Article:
The crash of a private plane into a rugged Wyoming mountain range that killed a Minneapolis man and three of his sons last fall has prompted federal transportation officials to develop safety recommendations designed to fix "disconnects in the system" and prevent a similar tragedy from repeating itself.
The three recommendations by the National Transportation Safety Board (NTSB) now await the scrutiny of the Federal Aviation Administration (FAA), which is under no fixed timeline to enact or reject them. They are:
• Establish departure procedures at the Jackson Hole airport that more clearly define the safest path to clear the mountains and then enter the charted "aviation highways," rather than leaving determination of that path to the pilot.
• The other two involve modifying air-traffic controllers' software so that alerts to controllers are generated when an aircraft will soon be too low for a given terrain and that the alerts continue even when radar contact is briefly interrupted.
The recommendations are the work of NTSB air-traffic control specialists in Washington, D.C., and Michael Huhn, who heads the NTSB's probe into the crash.
Huhn, who heads the NTSB's western Pacific regional office in San Francisco, said that the FAA approves a solid majority of his agency's recommendations.
However, Huhn cautioned, what the NTSB is proposing does not necessarily mean that any one of these changes could have prevented the Mooney M20J plane from crashing on Oct. 25, killing Bucklin, 40, his 14-year-old twins Nate and Nick, and 12-year-old Noah.
Still, "it's safe to say there were disconnects in the system" at the time Bucklin's plane went down, Huhn added.
Luke Bucklin's wife, Ginger, was heartened that the NTSB was addressing systemic shortcomings.
"We're confident that Luke made the best decisions he could, based on the information he had available to him," she said Thursday. She hopes that what the FAA learns from her husband's crash "will give pilots better tools to make good flying decisions."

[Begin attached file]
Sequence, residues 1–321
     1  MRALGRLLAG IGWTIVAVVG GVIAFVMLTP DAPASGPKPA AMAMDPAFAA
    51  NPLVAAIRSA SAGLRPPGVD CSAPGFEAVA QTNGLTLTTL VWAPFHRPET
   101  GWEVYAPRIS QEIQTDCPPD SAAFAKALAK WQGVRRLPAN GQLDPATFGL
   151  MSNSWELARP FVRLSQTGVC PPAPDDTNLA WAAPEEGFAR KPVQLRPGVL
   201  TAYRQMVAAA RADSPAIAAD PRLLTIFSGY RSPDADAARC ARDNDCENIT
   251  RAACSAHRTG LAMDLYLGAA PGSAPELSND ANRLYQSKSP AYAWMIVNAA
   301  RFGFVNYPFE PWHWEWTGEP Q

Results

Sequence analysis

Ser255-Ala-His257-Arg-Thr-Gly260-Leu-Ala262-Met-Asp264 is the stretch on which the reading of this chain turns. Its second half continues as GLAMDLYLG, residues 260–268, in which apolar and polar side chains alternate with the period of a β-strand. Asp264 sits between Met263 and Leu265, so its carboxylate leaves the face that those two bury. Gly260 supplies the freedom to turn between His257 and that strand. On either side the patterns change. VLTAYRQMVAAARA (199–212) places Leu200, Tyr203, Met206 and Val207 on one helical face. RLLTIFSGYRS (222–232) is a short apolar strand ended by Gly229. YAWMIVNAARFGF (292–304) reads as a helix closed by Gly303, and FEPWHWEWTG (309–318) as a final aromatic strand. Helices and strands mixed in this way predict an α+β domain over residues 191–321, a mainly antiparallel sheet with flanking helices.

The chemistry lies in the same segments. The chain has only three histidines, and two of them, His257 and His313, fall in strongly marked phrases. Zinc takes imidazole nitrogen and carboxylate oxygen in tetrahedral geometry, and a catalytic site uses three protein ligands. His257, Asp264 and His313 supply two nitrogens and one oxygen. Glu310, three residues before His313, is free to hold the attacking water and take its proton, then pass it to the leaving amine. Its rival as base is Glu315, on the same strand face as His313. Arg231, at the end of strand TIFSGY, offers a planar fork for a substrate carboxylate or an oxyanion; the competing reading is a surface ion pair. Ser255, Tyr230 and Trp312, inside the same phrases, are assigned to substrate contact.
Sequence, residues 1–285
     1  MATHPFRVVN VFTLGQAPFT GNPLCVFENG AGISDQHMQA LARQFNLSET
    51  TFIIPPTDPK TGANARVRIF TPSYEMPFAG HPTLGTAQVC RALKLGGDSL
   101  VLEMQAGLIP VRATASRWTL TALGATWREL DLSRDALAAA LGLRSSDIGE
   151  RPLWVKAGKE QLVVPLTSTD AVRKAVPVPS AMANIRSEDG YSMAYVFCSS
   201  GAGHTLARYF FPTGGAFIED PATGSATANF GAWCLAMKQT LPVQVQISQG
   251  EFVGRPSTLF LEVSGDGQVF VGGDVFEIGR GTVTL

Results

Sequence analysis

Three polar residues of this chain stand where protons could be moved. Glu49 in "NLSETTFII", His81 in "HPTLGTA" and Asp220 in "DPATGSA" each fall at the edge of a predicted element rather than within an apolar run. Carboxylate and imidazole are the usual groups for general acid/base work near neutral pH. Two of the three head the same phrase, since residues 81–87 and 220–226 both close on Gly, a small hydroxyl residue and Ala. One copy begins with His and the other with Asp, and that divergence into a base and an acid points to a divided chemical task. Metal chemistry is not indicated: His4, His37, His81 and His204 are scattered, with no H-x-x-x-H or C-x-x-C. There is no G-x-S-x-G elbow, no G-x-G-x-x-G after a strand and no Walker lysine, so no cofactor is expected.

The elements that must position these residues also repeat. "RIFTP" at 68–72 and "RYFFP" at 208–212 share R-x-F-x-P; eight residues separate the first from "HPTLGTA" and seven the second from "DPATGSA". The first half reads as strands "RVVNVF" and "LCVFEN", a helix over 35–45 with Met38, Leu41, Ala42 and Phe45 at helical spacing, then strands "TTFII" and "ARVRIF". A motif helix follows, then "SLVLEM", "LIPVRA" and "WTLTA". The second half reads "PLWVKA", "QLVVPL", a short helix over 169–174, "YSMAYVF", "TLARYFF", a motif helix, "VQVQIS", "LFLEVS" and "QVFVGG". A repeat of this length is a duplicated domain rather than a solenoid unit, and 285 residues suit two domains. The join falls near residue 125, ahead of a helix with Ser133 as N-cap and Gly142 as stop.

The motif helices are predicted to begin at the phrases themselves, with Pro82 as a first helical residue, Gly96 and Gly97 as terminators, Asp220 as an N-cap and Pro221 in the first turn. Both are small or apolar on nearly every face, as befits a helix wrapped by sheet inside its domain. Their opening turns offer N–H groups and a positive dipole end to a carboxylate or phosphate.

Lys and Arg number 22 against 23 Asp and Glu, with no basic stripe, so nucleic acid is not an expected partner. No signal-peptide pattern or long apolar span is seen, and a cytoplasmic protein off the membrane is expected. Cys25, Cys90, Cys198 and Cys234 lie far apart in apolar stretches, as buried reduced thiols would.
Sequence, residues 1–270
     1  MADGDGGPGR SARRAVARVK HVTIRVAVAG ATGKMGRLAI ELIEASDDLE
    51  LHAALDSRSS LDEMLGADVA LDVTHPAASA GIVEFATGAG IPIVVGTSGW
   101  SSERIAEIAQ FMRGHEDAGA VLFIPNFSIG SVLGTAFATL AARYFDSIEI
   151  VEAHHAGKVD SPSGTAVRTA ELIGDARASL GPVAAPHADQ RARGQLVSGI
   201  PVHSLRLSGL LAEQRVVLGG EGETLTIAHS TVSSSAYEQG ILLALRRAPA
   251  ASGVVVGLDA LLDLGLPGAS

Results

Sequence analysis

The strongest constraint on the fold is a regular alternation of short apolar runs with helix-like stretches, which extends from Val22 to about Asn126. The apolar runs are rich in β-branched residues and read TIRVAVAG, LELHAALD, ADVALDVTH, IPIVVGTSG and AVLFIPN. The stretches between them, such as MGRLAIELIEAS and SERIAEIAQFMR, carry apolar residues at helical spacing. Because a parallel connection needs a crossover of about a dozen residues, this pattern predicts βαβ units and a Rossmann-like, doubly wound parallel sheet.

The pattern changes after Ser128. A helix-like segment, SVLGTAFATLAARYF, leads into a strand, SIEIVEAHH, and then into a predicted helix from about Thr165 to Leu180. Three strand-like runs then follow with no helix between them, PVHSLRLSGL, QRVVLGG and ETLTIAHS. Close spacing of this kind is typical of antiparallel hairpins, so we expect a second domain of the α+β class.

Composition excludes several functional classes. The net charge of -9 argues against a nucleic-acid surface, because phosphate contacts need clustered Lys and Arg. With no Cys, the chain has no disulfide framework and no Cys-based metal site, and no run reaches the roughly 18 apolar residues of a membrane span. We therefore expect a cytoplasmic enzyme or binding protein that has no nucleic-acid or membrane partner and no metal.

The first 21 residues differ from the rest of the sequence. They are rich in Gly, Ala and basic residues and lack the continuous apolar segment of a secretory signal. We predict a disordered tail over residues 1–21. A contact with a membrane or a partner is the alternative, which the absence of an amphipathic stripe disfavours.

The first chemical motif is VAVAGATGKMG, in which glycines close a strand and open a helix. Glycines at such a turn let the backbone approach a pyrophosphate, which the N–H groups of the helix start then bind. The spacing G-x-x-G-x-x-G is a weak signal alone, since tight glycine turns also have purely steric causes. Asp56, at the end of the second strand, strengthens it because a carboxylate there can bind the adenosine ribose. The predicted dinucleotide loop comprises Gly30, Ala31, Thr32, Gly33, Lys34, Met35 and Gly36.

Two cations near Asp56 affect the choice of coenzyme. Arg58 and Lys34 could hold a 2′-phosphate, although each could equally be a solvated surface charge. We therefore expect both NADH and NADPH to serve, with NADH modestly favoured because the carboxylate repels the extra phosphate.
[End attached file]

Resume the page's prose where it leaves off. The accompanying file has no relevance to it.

The Jackson Hole airport can be challenging for some pilots to negotiate safely because of "the very high terrain surrounding the region" and the weather, Huhn said Thursday.
"For pilots trained in and acquainted with such terrain, its completely manageable, but for pilots who are not well-trained to understand and deal with it ... the hazards may not be so apparent," he said.
Bucklin's pilot rating allowed him to navigate by instruments. His flight into Jackson Hole for this trip went smoothly, and he had experience training and flying in the Colorado Rockies.
The crash site was found and the bodies removed about a week after the plane went down. The wreckage remains on the mountainside as recovery crews await warmer weather over the next month or two before retrieval.
In preliminary findings released in early November, the NTSB said that Bucklin told air-traffic control soon after takeoff that wind currents were pushing down the plane, which had topped out at about 14,000. Air traffic control assigned him an altitude of 16,000 feet.
The report also noted that Bucklin reported a "light chop" of turbulence and "a trace of rime icing" on the plane about 40 minutes after takeoff. Bucklin had received weather reports predicting both. Ice on wings can inhibit their ability to lift.
A retired longtime NTSB investigator, after reading the freshly released preliminary report, said Bucklin should have stayed put.
"I would never fly a single-engine airplane like that under those conditions," said Ronald Schleede, a 30-year NTSB veteran who lived in that region and investigated about a dozen similar crashes there. "He's already got rime ice on the airplane, and that plane is not made to handle much ice."
The NTSB's final report is pending and months away from release, Huhn said.
Bucklin, the CEO of Twin Cities tech company Sierra Bravo, and his sons were returning to Minneapolis after a family vacation. Ginger Bucklin and another son had left for home a day earlier.
Paul Walsh • 612-673-4482